In those embodiments of the invention using a ferrite stabilizer, in general, about from 2% to 10% of ferrite stabilizer can be used in the present blends of iron powder and ferrite stabilizer. A variety of materials can be used to stabilize the BCC ferrite phase, including Mo, Si, P, Al, Cr, Sn, Ti, W and Zn. Among these materials, Si and P also promote the formation of a "transient liquid", i.e., a liquid having a high solubility in the solid which disappears during sintering by diffusional homogenization. Such "transient liquids" can also increase the densification of parts based on the amount of the liquid formed and the length of time the liquid exists during the sintering process. Mo is a preferred ferrite stabilizer.

The ferrite stabilizer should be present in an amount effective to promote densification during sintering. While the specific amount of ferrite stabilizer necessary to promote densification can vary depending on the particular ferrite stabilizer used, it has been found that at least about 2% of the ferrite stabilizer is required to promote densification. The upper limit of the amount of ferrite stabilizer used can vary depending on the particular ferrite stabilizer used. However, more than about 10% ferrite stabilizer has little or no beneficial effect on densification rate and can adversely affect both densification rate as well as other mechanical and physical properties of the resulting alloy.

The feedstock compositions of the present invention further comprise at least one polymeric binder. A wide variety of such binders can be used, as are known in the metal injection molding art, including, for example, waxes, polyolefins such as polyethylenes and polyproplyenes, polystyrenes, polyvinyl chloride, polyetheylene carbonate, polyethylene glycol and microcrystalline wax. The particular binder will be selected on the basis of compatibility with powder components, and ease of mixing and debinding. Still other known factors in selecting a binder include toxicity, shelf life, strength, lubricity, biostability, and recyclability. The concentration of the binder is typically about from 25 to 50 volume %, based on the total composition. About from 30 to 40 volume % has been found to be particulary satisfactory.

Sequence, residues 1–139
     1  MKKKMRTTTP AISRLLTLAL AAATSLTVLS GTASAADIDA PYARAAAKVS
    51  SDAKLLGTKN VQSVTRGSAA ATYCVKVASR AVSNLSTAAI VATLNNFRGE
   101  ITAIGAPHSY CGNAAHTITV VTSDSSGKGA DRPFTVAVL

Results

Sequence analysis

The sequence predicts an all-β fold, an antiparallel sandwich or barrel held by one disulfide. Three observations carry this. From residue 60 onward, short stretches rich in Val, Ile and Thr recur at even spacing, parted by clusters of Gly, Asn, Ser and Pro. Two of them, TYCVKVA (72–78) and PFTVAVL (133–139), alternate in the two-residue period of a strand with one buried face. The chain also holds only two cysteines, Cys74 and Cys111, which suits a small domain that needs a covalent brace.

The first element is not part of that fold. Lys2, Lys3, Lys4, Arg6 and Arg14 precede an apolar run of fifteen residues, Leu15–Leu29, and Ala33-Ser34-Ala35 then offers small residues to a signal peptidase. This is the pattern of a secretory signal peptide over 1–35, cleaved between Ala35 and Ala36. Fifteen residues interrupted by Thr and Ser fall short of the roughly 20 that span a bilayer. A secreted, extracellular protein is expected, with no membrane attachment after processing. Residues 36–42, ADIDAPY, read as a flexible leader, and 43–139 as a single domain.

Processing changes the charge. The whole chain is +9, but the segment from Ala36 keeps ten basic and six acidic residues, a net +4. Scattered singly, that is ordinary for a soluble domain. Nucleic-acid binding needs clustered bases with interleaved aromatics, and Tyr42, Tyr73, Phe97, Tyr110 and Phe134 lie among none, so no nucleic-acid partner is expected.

The properties to consider when evaluating the usefulness of the sintered articles prepared according to the present invention include the density, the ultimate tensile strength (UTS), the yield strength (YS) and the HRB hardness. Another measure of the quality of the sintering is the amount of interconnecting porosity (ICP) and its relationship to the total porosity (TP) present in the sintered component. ICP is that porosity that is connected to an outside free surface. Low amounts of ICP as well as a low ICP/TP ratio are desirable.